Your Classical and Jazz Source
Play Live Radio
Next Up:
0:00
0:00
Available On Air Stations
Arts Desk

Flix@5 Host Kevin Gordon Talks About His 5 Favorite Works for Book-to-Film Week!

KevinGordon_Susan5.jpg
WRTI's Kevin Gordon and Susan Lewis talking about movies on a recent Zoom call

Summer is a great time to read, watch movies, and listen to great soundtracks. WRTI Flix@5 Host Kevin Gordon talks with Susan Lewis about the movie music he's featuring during our special Book-to-Film week, July 6th through the 10th. Join us each day after the 5:00 news for Flix@5!

Books have inspired classic films that use music to enrich and tell their stories. July 6th through 10th, we're playing music from film adaptations of five great books, from great American novels to a cutting-edge comic book series. 

Monday, July 6, 2020: Elmer Bernstein: To Kill a Mockingbird Suite

To Kill a Mockingbird, written in 1960 by Harper Lee, won the Pultizer Prize and is now a classic. The story about the trial of a Black man wrongly accused of rape in a small Alabama town is told through the eyes of a 10 year old girl whose father is defense lawyer Atticus Finch, played by Gregory Peck in the film.

The music by composer Elmer Bernstein expresses the innocence of the narrator, as well as a small town sensibility. Listen for the influence of Bernstein's mentor, Aaron Copland.

Tuesday: John Wlliams' Flight to Neverland, from Hook (1991)

The movie Hook by Steven Spielberg imagines a sequel to the story which began with the 1911 novel Peter and Wendy, by J.M. Barrie.

In Hook, Peter, played by Robin Williams, has grown up, married Wendy's granddaughter, and forgotten his childhood as Peter Pan. When the family travels to London to visit Wendy in the house where the story began, his children are kidnapped by Captain Hook to lure Peter back to Neverland. 

The music by John Williams sweeps us into the story of magic, joy and danger, and makes us feel as if we might even be able to fly -- if we have enough happy thoughts!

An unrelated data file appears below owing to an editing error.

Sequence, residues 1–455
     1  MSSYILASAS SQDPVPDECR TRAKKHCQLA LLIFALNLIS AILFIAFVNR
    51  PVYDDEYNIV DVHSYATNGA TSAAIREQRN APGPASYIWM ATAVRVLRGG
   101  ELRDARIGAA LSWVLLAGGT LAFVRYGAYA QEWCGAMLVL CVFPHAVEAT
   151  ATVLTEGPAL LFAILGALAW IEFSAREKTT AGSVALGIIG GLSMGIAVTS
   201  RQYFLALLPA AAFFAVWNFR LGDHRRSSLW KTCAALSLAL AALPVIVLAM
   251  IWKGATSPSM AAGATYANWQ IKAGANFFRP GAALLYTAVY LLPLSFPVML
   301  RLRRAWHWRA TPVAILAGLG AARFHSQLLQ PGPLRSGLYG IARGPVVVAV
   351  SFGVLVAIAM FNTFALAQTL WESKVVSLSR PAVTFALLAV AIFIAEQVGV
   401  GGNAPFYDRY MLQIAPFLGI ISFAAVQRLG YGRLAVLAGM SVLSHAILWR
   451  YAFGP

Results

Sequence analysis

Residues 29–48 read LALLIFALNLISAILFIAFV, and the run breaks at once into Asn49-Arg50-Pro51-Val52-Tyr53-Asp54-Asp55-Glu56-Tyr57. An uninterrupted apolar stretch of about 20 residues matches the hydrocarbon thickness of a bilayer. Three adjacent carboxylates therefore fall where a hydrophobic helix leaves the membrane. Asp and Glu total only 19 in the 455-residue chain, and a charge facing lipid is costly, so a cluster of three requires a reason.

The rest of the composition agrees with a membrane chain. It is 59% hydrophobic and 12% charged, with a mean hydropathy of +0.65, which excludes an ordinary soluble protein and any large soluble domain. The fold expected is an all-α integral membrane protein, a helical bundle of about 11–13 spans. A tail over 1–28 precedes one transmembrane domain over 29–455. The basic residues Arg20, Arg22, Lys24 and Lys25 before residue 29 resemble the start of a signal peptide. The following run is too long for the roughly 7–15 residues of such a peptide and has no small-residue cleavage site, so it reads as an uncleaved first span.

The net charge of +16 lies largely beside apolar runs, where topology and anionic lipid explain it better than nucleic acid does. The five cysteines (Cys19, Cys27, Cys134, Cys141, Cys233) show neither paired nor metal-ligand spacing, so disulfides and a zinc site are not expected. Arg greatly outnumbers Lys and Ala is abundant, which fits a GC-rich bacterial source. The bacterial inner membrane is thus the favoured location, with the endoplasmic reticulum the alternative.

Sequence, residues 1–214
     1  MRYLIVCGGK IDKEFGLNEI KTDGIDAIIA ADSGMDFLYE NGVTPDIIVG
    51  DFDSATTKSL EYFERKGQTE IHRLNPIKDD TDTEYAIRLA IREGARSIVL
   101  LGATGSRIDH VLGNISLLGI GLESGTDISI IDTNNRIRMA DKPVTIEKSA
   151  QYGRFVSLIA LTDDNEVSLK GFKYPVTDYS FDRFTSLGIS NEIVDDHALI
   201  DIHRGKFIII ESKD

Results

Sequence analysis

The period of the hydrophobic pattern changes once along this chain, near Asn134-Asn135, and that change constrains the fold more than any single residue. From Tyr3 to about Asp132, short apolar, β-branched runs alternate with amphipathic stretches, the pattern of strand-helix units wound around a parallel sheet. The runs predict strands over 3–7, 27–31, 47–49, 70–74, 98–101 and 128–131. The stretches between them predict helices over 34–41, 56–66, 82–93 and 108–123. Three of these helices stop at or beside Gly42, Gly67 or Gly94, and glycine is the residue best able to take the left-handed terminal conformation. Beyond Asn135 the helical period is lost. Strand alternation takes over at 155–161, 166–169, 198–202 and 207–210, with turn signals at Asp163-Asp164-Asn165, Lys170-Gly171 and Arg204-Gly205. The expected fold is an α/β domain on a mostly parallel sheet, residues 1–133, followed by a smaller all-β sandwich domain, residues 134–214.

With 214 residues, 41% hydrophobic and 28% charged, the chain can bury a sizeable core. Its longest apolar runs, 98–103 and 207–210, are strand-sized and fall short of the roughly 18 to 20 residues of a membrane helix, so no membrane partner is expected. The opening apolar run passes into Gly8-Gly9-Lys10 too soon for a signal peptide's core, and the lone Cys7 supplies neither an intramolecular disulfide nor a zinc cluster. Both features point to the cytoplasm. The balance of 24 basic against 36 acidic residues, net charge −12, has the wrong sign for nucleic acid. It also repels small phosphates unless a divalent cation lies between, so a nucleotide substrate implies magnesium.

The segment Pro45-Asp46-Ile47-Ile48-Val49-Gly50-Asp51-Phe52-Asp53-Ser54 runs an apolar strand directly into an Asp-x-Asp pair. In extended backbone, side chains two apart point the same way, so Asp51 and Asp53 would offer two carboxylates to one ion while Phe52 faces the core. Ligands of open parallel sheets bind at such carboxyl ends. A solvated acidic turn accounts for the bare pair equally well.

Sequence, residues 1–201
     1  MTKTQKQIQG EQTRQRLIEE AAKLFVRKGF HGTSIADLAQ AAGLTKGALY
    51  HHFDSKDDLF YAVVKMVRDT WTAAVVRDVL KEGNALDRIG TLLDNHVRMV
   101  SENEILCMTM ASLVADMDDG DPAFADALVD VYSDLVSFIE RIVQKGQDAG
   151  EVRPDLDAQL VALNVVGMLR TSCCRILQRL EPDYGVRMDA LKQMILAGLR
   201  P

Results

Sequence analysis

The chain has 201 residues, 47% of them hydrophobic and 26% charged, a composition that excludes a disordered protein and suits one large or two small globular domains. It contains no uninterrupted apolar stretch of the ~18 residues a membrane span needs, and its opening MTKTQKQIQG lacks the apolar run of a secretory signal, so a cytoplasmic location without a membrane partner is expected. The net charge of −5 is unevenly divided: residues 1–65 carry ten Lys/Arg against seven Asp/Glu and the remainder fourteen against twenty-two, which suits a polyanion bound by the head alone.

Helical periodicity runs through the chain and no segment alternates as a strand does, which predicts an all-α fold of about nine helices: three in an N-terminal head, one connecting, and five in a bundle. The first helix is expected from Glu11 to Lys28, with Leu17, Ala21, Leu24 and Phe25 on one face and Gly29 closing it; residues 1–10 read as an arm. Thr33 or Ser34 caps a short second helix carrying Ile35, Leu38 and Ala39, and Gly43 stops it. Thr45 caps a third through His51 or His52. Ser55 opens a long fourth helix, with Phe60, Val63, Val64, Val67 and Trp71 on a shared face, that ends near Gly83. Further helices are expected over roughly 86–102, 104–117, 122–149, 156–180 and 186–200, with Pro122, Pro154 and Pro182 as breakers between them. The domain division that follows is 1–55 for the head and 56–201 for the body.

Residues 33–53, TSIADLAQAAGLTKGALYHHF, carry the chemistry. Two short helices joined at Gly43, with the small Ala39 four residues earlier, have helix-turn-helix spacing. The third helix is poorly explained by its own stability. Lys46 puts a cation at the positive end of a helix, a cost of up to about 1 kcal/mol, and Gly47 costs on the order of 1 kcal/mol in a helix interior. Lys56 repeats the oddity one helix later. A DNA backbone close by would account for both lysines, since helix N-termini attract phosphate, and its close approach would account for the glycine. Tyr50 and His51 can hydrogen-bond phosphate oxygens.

Wednesday: Alexander Desplat: Griet's Theme, from Girl with a Pearl Earring

The 1991 novel by Tracey Chevalier, based on 1665 painting by Dutch painter Johannes Vermeer, turned into the 2003 film has some special resonance for Kevin, who is also a painter as well as a WRTI classical host.

"I always felt that painting and music and theater and literature and poetry are just facets of the same gem. And that's why it's easy for me to slip from music into art."

Composer Alexander Desplat, with a Greek mother and French father, was raised in Paris and became a fan of American films in his teens. The Girl with a Pearl Earring, one of his early English language films, was followed by work creating music for dozens of films, including The Queen (2006), The Grand Budapest Hotel,(2014) and The Shape of Water (2017), for which he won Academy Awards.

Thursday: John Williams: Adventures of Tintin, from the film of the same name.

Kevin says the popular comic book series by Belgian cartoonist Herge, Adventures of Tintin, has a special place in his life: "The original graphic novels-- the entire series -- I read to my son when he was small, beginning to end. And I would do all of the characters' voices.  I think that's what drove him, in a way, to become an actor, which he is today."

Friday: Harold Arlen: Wizard of Oz

A classic way to end our week, celebrating music, movies and the books they came from!

The Wizard of Oz, written in 1939 by L. Frank Baum and the 1939 film, have become classics.

The music was a collaborative effort: The songs were written by Edgar "Yip" Harburg (lyrics) and Harold Arlen (music). The musical score and the incidental music were composed by Herbert Stothart.

The songs have become part our collective consciousness; one of the most famous -- "Over the Rainbow" -- has taken on a life of its own, with covers by multiple artists.

In 2001, a survey of The National Endowment for the Arts and the Recording Industry Association of America proclaimed it the 20th century's greatest song.